5 Folic Acid Facts | Fertility Clinic Recommends Pre-Conception Supplement
Infertility Specialist | Nutritionist | preconception | TTC | infertility support | fertility and nutrition | female infertility | men and infertility | men infertility | fertility health | fertility nutritionist | Infertility Terms | infertility treatment | folic acid
Forget your New Year’s Resolutions, or better yet, consider a new and super easy one. If you’re trying to conceive, either on your own or through fertility treatment, either now or sometime during 2019, there is absolutely no doubt about the single most important step you can take to have a healthy pregnancy, baby and family- start taking folic acid.
Pre Conception. Folic Acid. Healthy Pregnancies. Healthy Babies.
Carolyn Gundell, MS, Nutritionist at fertility practice, RMA of Connecticut, shares her wisdom and expertise on why, how much and even when to take folic acid while planning your future baby making for the year. “Folic acid is an essential B-vitamin and the synthetic form of naturally occurring folate found in foods. Folic acid is necessary for DNA synthesis of red blood cells, nervous system, and proteins and cellular growth and reproduction.”
It’s simple: prenatal vitamins for women, a multivitamin with 100% of the RDA for men. The effects are research-driven for men, folic acid improves sperm quality and for women, it vastly reduces the occurrence of neural tube defects in babies.
A Better Fertility Outcome Starts This Week
In 2019, January 6-12 is Folic Acid Awareness week. It’s the most relevant and important change you can make in your life for your baby to be and should be started at least 90 days in advance of conception occurring.
Take an extra minute and a half and read why eating enough folate acid isn’t the answer, find out how taking your vitamins at a certain time of the day makes a difference, and understand why more is not better.
5 Folic Acid Facts- Fertility Program Recommends Supplement
Since folic acid fortification of US grains started in 1998, neural tube birth defects have decreased by thirty-five percent. However, even with this fortification, not all women are getting enough of this essential B-vitamin. Here are a few reasons why a woman’s food intake may not be enough and why a folic acid supplement is so important:
- Folic acid /folate is a water-soluble nutrient, which means that our bodies do not store this B vitamin. Availability is dependent upon an individual’s daily nutrient intake.
- The main food group that receives folic acid fortification is grains, which is a food group that is recommended in general for lifelong health. However, manufacturers of whole grain products are not required to fortify with folic acid—so be sure to check the labels for this indication.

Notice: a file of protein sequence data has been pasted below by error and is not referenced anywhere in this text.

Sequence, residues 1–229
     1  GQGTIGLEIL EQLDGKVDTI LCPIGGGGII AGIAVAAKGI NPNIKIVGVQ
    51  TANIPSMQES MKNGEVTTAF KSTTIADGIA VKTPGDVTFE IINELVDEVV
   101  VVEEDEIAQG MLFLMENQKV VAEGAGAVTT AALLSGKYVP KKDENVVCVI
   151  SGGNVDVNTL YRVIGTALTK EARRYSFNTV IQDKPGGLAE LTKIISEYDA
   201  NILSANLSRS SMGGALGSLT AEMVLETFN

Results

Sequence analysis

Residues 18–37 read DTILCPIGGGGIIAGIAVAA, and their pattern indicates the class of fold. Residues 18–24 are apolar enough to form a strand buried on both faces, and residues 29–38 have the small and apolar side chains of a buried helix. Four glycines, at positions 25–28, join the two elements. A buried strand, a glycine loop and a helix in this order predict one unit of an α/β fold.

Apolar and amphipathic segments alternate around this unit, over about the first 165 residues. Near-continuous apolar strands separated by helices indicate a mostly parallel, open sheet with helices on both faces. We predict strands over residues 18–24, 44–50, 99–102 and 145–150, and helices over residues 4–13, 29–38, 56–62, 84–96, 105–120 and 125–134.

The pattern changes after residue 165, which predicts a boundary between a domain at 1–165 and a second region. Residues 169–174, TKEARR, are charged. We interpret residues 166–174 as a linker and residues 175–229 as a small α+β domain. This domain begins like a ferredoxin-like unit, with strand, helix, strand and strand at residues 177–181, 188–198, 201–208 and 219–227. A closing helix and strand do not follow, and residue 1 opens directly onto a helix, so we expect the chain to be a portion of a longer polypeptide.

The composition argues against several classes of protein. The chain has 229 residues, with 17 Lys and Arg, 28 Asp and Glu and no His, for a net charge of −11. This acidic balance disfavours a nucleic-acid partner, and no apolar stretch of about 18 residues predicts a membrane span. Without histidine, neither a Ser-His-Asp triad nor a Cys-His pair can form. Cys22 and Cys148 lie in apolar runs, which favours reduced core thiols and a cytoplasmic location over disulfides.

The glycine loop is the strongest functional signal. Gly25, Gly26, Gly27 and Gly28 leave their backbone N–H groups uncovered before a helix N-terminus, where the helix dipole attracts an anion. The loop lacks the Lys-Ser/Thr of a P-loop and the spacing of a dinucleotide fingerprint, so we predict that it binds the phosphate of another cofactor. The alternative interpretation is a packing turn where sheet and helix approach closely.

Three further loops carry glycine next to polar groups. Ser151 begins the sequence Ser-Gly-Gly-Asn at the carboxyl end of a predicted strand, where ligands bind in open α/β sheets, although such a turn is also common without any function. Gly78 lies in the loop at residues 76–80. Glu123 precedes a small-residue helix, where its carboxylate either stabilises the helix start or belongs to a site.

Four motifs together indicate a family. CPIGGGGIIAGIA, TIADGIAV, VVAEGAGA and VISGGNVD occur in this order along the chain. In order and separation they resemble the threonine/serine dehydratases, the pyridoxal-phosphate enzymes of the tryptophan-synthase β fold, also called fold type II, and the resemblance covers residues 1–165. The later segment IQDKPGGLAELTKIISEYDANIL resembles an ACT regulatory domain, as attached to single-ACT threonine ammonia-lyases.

- Many women focus on organic foods when trying to conceive and during pregnancy. However, manufacturers of organic grains are also not required to fortify grain with folic acid. Some do, but many do not. It is recommended to check the labels of your favorite organic grain products for folic acid fortification.
- Ethnic foods found in the US are often not fortified with folic acid. This is especially true for corn masa flour—which is more popular among Hispanics. In fact, Hispanic women are twenty percent more likely to have a child with a neural tube birth defect than a non-Hispanic white woman.
- Some medications and regular intake of alcohol can interfere with folate metabolism and other medications can reduce the serum and tissue concentration of folate.
Want to learn more? You can check out the flip book that we created with Carolyn Gundell, MS’s additional hints on why folic acid and preconception can make such a significant difference. Another option is to attend our FREE in-person event, "What's Your Real Fertility Age?"
About Lisa Rosenthal
Lisa has over thirty years of experience in the fertility field. After her personal infertility journey, she felt dissatisfied with the lack of comprehensive services available to support her. She was determined to help others undergoing fertility treatment. Lisa has been with RMACT for eleven years and serves as Patient Advocate and the Strategic Content Lead.
Lisa is the teacher and founder of Fertile Yoga, a program designed to support men and women on their quest for their families through gentle movement and meditation.
Lisa’s true passion is supporting patients getting into treatment, being able to stay in treatment and staying whole and complete throughout the process. Lisa is also a Certified Grief Recovery Specialist, which is helpful in her work with fertility patients.
Her experience also includes working with RESOLVE: The National Infertility Association and The American Fertility Association (now Path2Parenthood), where she was Educational Coordinator, Conference Director and Assistant Executive Director.